Though the final hearings will be held later this summer, Oceanside is moving forward with a map for future City Council districts that will result in two districts on the coast, and create some unexpected neighborhood groupings.

Though the decision was unanimous, two Council members weren’t particularly satisfied with any of the maps presented, but ultimately voted to make sure the city continued to meet a timeline mandated by the threat of a lawsuit.

Many residents of the coastal neighborhoods have said at the hearings and online that they would have preferred one coastal district.

Instead, the coast will be represented by two districts, one of which will include South O, on the city’s southwest corner, with Ocean Hills, a retirement community on the city’s southeast border.

The map the city adopted was dubbed “Communities of Interest,” but the results left many people scratching their heads.

South O has to contend with plans to revitalize Coast Highway, short-term rentals and homelessness. Those aren’t issues residents of Ocean Hills face.


We Stand Up for You. Will You Stand Up for Us?

Still, other districts have neighborhoods that share some interests, like gang prevention or densifying older neighborhoods.

But compared to other cities, the Council had few maps to choose from.

Vista had about 20 maps, while Carlsbad had 11 to consider at one point. Oceanside’s process proceeded with only a handful of maps at the public hearings, and three made it to the City Council.

Vista Lifts Restrictions on Protesters

After telling protesters they had to move their rallies across the street from Rep. Darrell Issa’s office, the city has reversed course, the Union-Tribune reports.

The ACLU had come out against the restrictions, calling the city’s actions unconstitutional, and the new permit allows the protesters to continue holding their rallies in front of Issa’s office for three months.

“I am so pleased that the city responded positively to the ACLU and me about the freedom of speech rights of the rally participants and Issa’s constituents,” said Ellen Montanari, the protests’ organizer, told the U-T.

Del Mar’s Short-Term Rental Ban Was Short-Lived

Despite a previous decision that short-term vacation rentals weren’t allowed in Del Mar, the city is now considering rules to allow them – with a few exceptions.

Under the draft rules, homeowners could rent out their homes on a short-term basis – which they define between seven and 30 days – for no more than 28 days per year, including both home-sharing (in which the owner remains on the premises) and whole-home rentals.

According to The Coast News, Del Mar residents were split on short-term vacation rentals. Some said they’ve been done for 50 years, and are an important part of the city’s vitality. Others say they’re a nuisance.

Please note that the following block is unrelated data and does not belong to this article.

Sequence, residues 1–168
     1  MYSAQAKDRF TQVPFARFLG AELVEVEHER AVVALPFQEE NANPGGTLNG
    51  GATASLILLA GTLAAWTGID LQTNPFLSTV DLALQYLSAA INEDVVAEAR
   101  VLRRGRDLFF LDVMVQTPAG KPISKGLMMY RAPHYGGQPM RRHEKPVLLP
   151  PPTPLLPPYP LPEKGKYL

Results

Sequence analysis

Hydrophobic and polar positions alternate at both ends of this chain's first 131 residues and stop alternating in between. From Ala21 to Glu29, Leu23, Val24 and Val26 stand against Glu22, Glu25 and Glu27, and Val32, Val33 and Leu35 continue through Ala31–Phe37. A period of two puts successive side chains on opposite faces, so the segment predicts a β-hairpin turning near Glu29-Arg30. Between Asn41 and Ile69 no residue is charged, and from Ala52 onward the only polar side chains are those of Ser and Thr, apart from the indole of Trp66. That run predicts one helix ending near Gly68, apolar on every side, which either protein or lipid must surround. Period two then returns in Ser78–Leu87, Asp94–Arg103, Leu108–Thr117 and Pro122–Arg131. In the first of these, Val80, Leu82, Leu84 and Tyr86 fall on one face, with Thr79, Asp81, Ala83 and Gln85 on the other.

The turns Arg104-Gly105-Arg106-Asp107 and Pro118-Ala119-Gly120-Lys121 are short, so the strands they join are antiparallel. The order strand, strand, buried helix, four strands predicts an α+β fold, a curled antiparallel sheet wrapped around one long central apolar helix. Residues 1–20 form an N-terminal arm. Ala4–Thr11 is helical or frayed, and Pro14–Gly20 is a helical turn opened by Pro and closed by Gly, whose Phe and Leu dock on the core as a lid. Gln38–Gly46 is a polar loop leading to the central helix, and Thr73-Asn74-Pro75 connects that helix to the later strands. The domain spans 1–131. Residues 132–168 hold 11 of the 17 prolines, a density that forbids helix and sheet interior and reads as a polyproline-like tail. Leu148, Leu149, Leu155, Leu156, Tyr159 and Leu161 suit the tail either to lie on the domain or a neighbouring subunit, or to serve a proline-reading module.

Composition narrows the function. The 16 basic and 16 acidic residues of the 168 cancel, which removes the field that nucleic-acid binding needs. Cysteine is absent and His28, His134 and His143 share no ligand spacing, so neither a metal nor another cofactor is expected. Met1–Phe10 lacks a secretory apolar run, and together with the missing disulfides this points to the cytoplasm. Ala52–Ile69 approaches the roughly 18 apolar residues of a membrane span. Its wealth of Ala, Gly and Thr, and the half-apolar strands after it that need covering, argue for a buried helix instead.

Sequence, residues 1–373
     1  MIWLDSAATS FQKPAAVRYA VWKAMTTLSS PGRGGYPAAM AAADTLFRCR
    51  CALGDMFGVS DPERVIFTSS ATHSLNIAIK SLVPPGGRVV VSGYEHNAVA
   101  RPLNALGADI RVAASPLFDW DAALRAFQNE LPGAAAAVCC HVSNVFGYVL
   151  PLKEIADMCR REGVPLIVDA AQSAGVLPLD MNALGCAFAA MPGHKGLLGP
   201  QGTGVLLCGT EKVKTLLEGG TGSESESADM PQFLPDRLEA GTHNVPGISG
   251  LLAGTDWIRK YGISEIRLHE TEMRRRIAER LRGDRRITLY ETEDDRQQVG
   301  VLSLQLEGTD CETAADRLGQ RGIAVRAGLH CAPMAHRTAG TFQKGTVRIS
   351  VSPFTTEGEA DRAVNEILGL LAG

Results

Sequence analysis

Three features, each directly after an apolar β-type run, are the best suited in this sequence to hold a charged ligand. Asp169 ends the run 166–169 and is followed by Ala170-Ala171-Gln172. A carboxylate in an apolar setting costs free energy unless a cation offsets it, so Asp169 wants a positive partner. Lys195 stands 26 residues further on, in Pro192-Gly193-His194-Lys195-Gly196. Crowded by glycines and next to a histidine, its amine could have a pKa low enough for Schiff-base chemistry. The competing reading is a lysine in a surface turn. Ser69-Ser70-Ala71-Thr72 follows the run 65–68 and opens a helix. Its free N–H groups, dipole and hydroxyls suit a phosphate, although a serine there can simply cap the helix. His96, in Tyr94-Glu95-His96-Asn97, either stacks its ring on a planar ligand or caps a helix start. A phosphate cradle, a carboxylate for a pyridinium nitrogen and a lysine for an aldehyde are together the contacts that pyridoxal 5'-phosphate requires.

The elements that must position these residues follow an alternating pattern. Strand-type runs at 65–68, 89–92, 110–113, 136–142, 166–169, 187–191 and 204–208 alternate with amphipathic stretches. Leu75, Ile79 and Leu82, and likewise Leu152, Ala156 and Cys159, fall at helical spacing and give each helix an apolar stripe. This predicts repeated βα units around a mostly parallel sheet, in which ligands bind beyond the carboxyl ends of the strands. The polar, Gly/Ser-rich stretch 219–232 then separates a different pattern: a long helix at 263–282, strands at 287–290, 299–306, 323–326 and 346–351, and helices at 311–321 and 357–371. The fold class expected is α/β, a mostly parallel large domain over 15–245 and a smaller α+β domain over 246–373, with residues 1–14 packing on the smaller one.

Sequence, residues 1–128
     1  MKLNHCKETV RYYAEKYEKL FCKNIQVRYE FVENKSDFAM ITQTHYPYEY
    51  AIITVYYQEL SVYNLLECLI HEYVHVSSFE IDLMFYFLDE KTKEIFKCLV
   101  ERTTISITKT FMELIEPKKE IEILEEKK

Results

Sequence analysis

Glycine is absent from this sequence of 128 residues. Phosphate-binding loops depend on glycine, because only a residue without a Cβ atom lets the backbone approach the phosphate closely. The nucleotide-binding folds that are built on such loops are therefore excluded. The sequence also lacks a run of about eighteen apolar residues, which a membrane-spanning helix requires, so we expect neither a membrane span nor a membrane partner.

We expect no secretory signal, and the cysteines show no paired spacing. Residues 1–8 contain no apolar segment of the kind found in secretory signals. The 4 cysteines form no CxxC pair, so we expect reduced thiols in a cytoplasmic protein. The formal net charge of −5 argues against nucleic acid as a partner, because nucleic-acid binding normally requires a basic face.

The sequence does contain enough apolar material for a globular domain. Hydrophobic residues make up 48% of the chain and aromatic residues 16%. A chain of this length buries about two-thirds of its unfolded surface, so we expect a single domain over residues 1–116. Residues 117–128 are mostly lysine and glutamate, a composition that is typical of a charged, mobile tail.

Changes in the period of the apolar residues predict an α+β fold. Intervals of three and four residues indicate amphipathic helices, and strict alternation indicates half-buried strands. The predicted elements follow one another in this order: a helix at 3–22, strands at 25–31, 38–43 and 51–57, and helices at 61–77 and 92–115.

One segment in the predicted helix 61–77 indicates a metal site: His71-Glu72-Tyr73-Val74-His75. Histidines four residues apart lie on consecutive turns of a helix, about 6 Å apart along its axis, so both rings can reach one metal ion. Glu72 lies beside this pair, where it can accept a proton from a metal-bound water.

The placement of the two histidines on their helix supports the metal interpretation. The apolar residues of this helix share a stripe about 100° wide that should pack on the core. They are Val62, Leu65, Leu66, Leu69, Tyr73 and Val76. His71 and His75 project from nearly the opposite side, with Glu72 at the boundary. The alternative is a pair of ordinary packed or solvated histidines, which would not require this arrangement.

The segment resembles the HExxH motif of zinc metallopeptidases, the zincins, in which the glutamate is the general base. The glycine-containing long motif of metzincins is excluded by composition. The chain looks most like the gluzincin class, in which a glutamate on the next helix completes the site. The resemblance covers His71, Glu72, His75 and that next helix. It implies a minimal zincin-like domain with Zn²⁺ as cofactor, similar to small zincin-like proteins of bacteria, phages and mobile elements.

But the change in course may have come from the threat of a lawsuit, by Cory Briggs, The Coast News reports, prompting the city to take action.

A second hearing will be held in July, and the rules could come back to the Council this fall.

Decision on Buena Vista Lagoon Is on the Horizon

Ever since a private weir was constructed at the outlet of the Buena Vista Lagoon, between Carlsbad and Oceanside, the lagoon has shrunk and begun to turn into a muddy field.

Even as Carlsbad and Oceanside develop near the shores of the lagoon, taking the lead to restore it has fallen to the San Diego Association of Governments.

The California Department of Fish and Wildlife was once the lead agency on the restoration, but it dropped it in 2002. The reason: the private weir is still there, and the owners want to keep Buena Vista as California’s only freshwater lagoon.

Environmentalists want the weir removed, and the lagoon restored to a saltwater marsh.

SANDAG has four options on the table. It can dredge the freshwater lagoon, restore the saltwater lagoon, create some sort of combination lagoon or do nothing.

The agency is expected to reach a decision this year, reports the U-T, though funding for restoration has not been allocated.

Also in the News

 Deputy Mayor Chuck Lowery, and Eric Larson, from the San Diego County Farm Bureau, discussed Oceanside’s move to allow marijuana operations. (KPBS)

 NCTD has picked a new operator for its Breeze, Flex and Lift services. (Union-Tribune)

 Border Patrol seized 100 pounds of heroin, coke and meth at the checkpoint in Temecula. (Union-Tribune)

 Poway Mayor Steve Vaus expressed a common reservation about the switch to by-district elections: It’ll make governing harder. (KPBS)

    This article relates to: Must Reads, News, North County

    Written by Ruarri Serpa

    Ruarri Serpa is a freelance writer in Oceanside. Email him at ruarris@gmail.com and find him on Twitter at @RuarriS.

    1 comments
    michael-leonard
    michael-leonard subscriber

    a little background on how a PRIVATE weir came to be constructed on a PUBLIC waterway would be appreciated.